Another post-decree action that may have to be considered is a contempt of court citation.  This happens when you have a court order, and the other party refuses to follow it.  It can affect any part of your custody order, including physical care, parenting time, and child support.  It can affect any part of your divorce decree, and in addition to the issues with your children, could include payment of spousal support, dividing up the assets and debts, and payment of any judgment contained in the order.  The burden to prove a violation of the court order is very high.  We can help you in analyzing whether filing a contempt of court action is appropriate and can seek the relief you need.

If you are the victim of domestic violence, you have a couple of options to protect yourself from your assaulter beyond filing criminal charges, depending on the state where you are located.  You may elect to pursue a civil protective order, prohibiting that person from having any contact with you for up to five years.  Depending on the situation, the protective order may also address custody of your children.  In Nebraska and South Dakota only, there is also the option for a harassment protective order, in the event you have not been subject to assault, but have been the victim of harassment.  We can assist you in determining what kind of protective order you may need and ensure you are protected from the Court in the instance of domestic violence or harassment.

If you are a grandparent, family member or other third party and have custody of a child, you need to pursue a guardianship to have legal rights to make decisions on behalf of that child.  You will find road-blocks in several areas, including schooling and medical care, which will make it imperative for you to pursue a guardianship action.  You may also be a concerned family member that would like to pursue custody of a child, despite the parent’s objection.  In either of these cases, a guardianship action must be filed.  The considerations of the court are very different and much stricter in this kind of custodial proceeding.  We have both litigated these actions, as well as filed guardianships where all parties have agreed, and can help you in navigating this complicated area of law.

After your trial, you may disagree with the ruling of the trial court.  The option that remains is to appeal that decision to the appellate court in the state you reside.  This is a process that is substantially different from the trial process and includes many specific rules in order to appropriately comply and have your appeal considered.  We have experience in the area of appellate law and can assist you in deciding whether to file an appeal, weighing the cost and chance of success.  We can also provide you with competent representation within the appeal process to enhance the chances of your success on appeal.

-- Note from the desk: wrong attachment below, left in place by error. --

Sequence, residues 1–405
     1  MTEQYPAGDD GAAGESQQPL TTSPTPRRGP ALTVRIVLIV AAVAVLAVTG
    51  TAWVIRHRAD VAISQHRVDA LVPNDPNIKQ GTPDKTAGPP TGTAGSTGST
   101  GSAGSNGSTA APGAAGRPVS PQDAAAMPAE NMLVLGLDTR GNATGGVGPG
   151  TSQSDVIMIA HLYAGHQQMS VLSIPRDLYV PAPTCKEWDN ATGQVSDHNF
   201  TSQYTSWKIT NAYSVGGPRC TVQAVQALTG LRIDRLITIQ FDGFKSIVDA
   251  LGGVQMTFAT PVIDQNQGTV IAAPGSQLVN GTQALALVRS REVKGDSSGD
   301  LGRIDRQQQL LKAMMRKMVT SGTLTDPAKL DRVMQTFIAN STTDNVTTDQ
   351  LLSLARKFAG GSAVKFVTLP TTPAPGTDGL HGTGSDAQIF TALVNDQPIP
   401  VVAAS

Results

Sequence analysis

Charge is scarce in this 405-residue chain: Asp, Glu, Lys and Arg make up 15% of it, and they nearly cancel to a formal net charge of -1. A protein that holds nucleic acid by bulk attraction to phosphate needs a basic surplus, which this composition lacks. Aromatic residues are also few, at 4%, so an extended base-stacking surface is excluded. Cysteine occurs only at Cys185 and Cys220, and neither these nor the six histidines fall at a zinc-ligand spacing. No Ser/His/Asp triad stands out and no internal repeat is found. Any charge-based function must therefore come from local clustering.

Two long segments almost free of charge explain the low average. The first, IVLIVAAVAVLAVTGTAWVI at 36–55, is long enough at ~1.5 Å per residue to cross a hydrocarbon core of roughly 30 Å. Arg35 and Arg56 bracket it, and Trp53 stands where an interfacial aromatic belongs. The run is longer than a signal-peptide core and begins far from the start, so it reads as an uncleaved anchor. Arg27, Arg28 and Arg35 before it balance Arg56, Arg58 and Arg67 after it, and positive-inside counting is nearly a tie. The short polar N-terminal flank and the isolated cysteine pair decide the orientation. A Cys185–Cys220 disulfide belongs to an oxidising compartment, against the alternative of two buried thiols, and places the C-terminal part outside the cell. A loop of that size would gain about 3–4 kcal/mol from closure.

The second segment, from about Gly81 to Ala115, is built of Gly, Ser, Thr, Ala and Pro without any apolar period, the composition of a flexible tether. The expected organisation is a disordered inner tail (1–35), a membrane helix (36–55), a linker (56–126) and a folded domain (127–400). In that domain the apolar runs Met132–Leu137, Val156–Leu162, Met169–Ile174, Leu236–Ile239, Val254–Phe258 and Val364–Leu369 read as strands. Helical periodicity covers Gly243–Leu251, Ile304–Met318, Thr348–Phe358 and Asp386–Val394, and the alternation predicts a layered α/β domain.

Perhaps you are a party to a custody proceeding and would like an opportunity to sit down with the other parent and reach an agreement.  Hiring a third-party mediator, who is trained in the mediation process, may be the ideal way for you and the other parent to assist the two of you in negotiating an agreement.  In the State of Iowa, you may be required to mediate your case prior to submitting it to the judge, depending on which judge is assigned to your case.  You may also elect to mediate, even if you are not required to do so.  In Nebraska, the Court will require you to mediate your issues as they relate to custody of your children before you can submit the issue to the judge.  In South Dakota, you are not required to mediate, but again may elect to do so.  As your attorney, we can advise you on mediation and can assist you through the mediation process to help you select the right mediator for your situation and also ensure your rights are protected at the actual mediation session. 

Michele is also trained as a mediator and is registered to mediate cases in both Iowa and South Dakota.  You may hire her separately as the mediator in your case.  She cannot, however, be the attorney of record for a party and also mediate the issues.  She would have to be someone who is not already hired as an attorney to represent one of the parties.  In Nebraska, you cannot hire a private mediator to mediate your custody issues; you have to use the Mediation Center to conduct the mediation, to comply with the rules in the Nebraska Parenting Act.